Effect of Delirium on Interhospital Transfer Outcomes
AbstractObjectives: Interhospital transfer (IHT) and in-hospital delirium are both independently associated with increased length of stay (LOS), mortality, and discharge to facility. Our objective was to investigate the joint effects between IHT and the presence of in-hospital delirium on the outcomes of LOS, discharge to a facility, and in-hospital mortality.
Methods: This was a single-center retrospective cohort study of 25,886 adult hospital admissions at a tertiary-care academic medical center. Staged multivariable logistic and linear regression models were used to evaluate the association between IHT status and the outcomes of discharge to a facility, LOS, and mortality while considering the joint impact of delirium. The joint effects of IHT status and delirium were evaluated by categorizing patients into one of four categories: emergency department (ED) admissions without delirium, ED admissions with delirium, IHT admissions without delirium, and IHT admissions with delirium. The primary outcomes were LOS, in-hospital mortality, and discharge disposition.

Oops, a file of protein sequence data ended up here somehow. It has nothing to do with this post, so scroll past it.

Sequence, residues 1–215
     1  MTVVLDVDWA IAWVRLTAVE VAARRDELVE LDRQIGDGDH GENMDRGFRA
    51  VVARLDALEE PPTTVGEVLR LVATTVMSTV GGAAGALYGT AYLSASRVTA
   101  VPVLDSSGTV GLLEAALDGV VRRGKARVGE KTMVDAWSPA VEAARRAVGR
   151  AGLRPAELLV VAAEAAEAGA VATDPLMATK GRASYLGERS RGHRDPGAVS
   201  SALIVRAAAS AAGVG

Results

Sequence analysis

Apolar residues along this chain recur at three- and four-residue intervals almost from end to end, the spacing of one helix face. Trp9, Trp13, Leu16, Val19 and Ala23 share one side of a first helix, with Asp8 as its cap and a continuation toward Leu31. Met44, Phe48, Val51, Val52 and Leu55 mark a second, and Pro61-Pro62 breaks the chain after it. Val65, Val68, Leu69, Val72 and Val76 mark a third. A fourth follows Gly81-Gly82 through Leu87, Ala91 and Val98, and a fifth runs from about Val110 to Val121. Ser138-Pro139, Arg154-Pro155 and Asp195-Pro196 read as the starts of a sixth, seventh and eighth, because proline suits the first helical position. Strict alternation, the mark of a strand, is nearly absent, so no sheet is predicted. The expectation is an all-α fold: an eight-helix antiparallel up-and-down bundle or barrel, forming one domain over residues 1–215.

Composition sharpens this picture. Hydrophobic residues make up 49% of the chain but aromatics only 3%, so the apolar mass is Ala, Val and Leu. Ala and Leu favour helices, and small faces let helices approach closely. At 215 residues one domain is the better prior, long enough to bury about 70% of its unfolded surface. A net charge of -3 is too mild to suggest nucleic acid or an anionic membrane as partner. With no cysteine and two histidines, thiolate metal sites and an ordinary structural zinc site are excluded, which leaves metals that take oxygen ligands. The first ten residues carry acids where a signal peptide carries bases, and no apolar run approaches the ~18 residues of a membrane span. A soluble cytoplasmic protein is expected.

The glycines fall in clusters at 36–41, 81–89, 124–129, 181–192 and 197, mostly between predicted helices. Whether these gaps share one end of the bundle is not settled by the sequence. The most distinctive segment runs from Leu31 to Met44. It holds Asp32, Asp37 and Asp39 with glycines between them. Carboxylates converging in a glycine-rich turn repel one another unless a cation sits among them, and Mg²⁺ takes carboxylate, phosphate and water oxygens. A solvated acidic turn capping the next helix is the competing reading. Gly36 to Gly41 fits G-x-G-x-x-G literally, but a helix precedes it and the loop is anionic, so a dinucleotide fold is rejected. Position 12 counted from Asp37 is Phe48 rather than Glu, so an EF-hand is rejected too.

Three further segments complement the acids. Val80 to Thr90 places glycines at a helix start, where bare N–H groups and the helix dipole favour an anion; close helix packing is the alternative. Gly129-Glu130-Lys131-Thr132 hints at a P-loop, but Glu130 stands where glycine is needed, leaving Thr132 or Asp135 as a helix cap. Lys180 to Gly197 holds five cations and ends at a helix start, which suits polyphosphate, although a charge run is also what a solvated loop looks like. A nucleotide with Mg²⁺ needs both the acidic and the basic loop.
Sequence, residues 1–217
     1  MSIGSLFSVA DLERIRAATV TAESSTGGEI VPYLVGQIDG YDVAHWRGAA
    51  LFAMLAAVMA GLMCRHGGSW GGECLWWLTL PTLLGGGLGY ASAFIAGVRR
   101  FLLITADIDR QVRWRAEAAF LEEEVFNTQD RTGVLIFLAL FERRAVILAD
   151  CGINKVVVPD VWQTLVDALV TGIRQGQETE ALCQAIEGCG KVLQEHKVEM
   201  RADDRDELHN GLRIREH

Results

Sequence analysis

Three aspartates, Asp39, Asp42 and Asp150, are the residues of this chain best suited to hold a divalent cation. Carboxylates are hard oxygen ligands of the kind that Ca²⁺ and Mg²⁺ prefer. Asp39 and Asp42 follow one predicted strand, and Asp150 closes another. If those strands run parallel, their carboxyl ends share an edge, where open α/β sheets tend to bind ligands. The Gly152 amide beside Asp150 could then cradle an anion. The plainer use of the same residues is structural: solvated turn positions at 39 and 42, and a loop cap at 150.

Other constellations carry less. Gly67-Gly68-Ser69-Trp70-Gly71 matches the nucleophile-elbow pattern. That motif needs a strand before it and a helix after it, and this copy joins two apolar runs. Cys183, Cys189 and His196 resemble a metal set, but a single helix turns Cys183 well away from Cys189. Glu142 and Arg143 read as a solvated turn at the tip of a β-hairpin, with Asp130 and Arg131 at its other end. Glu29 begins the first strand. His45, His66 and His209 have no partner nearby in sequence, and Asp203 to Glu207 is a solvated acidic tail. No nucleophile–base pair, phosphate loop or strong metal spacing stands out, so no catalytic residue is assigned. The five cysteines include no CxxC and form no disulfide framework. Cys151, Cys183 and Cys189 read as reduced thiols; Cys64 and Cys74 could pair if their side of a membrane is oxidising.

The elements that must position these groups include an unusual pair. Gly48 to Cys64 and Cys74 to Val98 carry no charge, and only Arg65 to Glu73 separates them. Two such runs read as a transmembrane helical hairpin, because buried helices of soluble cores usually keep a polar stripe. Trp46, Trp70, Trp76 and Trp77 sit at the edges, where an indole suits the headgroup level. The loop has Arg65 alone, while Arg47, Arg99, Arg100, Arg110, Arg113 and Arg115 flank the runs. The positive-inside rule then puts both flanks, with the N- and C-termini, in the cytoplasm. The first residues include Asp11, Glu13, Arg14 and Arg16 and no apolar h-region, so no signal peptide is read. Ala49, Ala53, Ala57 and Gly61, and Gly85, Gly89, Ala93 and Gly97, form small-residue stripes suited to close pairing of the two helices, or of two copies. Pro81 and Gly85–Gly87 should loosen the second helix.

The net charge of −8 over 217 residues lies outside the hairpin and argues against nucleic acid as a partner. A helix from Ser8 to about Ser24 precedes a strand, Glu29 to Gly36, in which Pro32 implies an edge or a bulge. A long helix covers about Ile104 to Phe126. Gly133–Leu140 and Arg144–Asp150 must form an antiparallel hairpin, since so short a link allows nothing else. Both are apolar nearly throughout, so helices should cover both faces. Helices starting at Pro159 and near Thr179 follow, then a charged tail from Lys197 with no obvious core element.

Results: The odds of discharge to a facility were 4.48 times higher in admissions through IHT with delirium when compared with ED admissions without delirium. IHT admissions with delirium had a 1.97-fold (95% confidence interval 1.88–2.06) longer LOS when compared with admission through the ED without delirium. Finally, admissions through IHT with delirium had 3.60 (95% confidence interval 2.36–5.49) times the odds of mortality when compared with admissions through the ED without delirium.
Conclusions: The relationship between IHT and delirium is complex, and patients with IHT combined with in-hospital delirium are at high risk of longer LOS, discharge to a facility, and mortality.
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